Mapping and rediscovering our Anglo-Italian bloodline to Southern Italy
My name is Daniel Deefholts. I am British, however, my family tales and DNA tells an interesting story mapped across many influential countries and fiery cultures with direct ties to Britain. My maternal line means I am a blood descendent of Italian migrants.
This connection stems from my mother, Sarah and my grandmother, Theresa. Before my mother qualified as a nurse, she picked up work in an Italian cafès in South London. It explains why some of my favourite dishes and desserts were always Italian growing up. I can identify one lesson learned: you should never upset anyone of Italian descent in the kitchen unless you are brave enough!
I have traced my Italian bloodline to 1740 with the help of local residents, my former Italian professor Marzia, and the digitisation of the state archives. After months of searching high and low for evidence, I located all the references my great-grandfather was unable to source many decades ago. It unlocked new evidence about my ancestral ties and challenges a long-held family hypothesis.
Nanny has always told us that our Pompei ancestors were originally from Naples, Campania before the unification of Italy (Risorgimento). She speculates an ancestor escaped the eruption of Mount Vesuvius in 79 AD and family rumours suggest some of our ancestors were killed by the greatest disaster in history. Modern day DNA testing and archival data reveals our ancestral ties are in fact Southern Italian.
My third great-grandfather – Francesco Antonio Pompei – was from a village called Picinisco situated halfway between Rome and Naples. In pre-Republican times, it belonged to the Kingdom of the Two Sicilies and his parents were domiciled in Strada Codarda. British archival data reveals Francesco was a bootmaker and confectioner master in South London. It must explain my mother’s love and painful indecisiveness for shoes and boots. We all have very sweet tooths. We are willing to fight over the last confetto alla mandorla.
Then by 1891, the UK Census documents that he had settled in Camberwell, London with his family and wife Maria Addolorata. They had thirteen children together. Their surviving children served in the British Armed Forces before the era of fascism and trained as bootmakers, confectioners, tobacconists, hairdressers and machinests. In 1933, his daughter Philomena Loreta gave birth to my great-grandfather David, but years later the German air raids on London had a devastating impact and killed some of our relatives. Fast-forward to the 1950s, my grandmother Theresa Frances and her sister Francesca were born during Britain’s post-war recovery and baby boom.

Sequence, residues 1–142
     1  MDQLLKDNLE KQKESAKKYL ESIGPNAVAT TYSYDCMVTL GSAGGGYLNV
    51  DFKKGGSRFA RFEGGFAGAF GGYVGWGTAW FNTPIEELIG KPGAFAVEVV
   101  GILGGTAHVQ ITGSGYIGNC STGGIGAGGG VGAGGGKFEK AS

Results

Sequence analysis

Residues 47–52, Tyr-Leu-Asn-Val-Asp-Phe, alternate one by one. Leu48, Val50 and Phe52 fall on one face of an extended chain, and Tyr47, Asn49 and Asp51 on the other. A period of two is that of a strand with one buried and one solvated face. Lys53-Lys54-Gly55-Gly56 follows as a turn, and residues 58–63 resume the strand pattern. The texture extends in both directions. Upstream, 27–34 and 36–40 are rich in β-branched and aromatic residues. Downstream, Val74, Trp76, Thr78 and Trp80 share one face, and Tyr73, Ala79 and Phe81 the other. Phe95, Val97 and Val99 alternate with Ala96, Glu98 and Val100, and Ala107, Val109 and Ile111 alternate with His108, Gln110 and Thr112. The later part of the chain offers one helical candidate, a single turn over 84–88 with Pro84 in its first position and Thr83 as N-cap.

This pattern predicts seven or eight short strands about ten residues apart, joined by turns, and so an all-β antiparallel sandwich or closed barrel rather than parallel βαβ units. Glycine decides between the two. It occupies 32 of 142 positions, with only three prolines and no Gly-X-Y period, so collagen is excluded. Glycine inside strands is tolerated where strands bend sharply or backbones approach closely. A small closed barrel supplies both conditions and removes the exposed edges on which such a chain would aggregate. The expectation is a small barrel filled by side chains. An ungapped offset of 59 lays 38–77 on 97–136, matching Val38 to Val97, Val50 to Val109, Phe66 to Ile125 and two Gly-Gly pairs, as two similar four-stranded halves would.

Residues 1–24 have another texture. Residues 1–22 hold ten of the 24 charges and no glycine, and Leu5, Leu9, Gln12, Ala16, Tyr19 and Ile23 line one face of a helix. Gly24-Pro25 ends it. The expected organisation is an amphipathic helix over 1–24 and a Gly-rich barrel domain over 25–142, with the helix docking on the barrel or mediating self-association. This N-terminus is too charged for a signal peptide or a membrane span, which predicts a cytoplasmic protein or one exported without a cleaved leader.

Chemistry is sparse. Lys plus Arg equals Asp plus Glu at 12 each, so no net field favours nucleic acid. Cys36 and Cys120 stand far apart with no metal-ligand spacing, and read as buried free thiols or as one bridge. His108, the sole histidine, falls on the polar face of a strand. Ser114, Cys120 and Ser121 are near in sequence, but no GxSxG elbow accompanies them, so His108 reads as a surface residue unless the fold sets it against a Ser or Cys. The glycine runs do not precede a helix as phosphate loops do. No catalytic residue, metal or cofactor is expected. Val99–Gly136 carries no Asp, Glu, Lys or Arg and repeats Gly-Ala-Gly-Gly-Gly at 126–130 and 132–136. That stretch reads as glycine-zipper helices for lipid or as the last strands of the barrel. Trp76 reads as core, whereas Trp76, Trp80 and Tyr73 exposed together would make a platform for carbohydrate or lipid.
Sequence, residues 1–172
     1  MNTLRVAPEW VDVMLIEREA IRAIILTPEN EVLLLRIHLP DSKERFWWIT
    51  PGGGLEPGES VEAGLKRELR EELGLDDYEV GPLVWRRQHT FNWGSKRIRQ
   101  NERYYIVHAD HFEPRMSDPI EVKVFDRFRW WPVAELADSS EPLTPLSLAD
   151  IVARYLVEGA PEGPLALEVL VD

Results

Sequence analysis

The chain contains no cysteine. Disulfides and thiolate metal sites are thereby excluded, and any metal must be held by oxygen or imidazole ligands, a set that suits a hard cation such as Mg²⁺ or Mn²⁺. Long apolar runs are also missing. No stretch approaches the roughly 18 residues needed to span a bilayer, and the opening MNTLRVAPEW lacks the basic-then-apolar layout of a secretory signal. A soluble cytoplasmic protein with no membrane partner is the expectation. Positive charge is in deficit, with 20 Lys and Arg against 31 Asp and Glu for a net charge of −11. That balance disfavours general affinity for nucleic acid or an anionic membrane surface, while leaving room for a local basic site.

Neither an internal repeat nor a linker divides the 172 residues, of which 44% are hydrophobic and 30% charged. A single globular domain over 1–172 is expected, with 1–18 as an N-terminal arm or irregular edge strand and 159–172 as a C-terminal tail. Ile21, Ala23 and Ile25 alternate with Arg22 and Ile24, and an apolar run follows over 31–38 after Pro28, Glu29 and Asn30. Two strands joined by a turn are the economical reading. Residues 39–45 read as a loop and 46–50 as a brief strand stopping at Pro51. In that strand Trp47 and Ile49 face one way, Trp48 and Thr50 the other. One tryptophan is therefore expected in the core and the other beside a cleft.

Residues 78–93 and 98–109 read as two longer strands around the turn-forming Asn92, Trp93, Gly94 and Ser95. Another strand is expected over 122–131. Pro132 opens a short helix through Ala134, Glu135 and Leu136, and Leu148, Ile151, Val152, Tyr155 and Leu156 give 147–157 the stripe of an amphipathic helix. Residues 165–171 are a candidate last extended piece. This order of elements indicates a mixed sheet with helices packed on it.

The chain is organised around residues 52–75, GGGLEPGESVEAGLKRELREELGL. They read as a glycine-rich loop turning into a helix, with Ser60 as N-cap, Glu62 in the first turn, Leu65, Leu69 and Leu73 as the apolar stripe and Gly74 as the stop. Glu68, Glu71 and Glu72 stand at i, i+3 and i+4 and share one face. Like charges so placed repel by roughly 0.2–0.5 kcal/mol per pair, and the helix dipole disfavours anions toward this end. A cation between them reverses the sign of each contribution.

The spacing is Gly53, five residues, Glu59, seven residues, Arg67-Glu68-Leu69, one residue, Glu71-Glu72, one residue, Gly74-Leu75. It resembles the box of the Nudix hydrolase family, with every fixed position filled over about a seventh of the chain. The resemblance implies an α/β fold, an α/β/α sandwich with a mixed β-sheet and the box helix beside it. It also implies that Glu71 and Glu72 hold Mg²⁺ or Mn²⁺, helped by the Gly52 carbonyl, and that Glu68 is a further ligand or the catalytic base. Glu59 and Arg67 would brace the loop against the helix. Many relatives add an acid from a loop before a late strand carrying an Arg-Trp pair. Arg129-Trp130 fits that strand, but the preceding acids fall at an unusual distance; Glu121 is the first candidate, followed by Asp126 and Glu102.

My mother Sarah, auntie Jade and uncle Robert will remember growing up with many pets including a goat. I remember my grandparent’s British-Italian friend Bob Giola – a market stall trader – originally from Varese who would drop by unannounced, talk for hours, watch tennis on the television with us and tease me hard. He was a true chiacchierone.
Discovering the archives has unlocked significant information about my ancestors’ lives, occupations and movements spanning centuries therefore allowing me to piece together facts, stories and hidden data with my family. Learning Italian has proven to be useful in allowing me to map our heritage and read and interpret all these records.
The local parish records also confirm that my last recorded ancestor in 1740 was Francesco’s grandfather – Vincenzo Domenico Pompei – my fifth great-grandfather. He married a Piciniscani woman named Lucia Cervi. He worked as an agricultura contadino. However, the archives reveal his father was actually Domenico Pompei who wasdomiciledin Strada Piazzetta with his wife Gertrude Cocozza.
Now my final mission is to visit the village with my mother to rediscover our roots and consult the parish records dating back to 1500. Who was Domenico Pompei? How did my ancestors end up there? Can I ever attempt to solve parts of this mystery burried in history? Once we have been granted with Italian citizenship it will open a new chapter of integration, adventure and rediscovery.
Il Portale Antenati, Ministero della cultura
UK National Archives
London Metropolitan Archives
Archives de Paris, Département des publics
Dr Marzia Maccaferri, Queen Mary University of London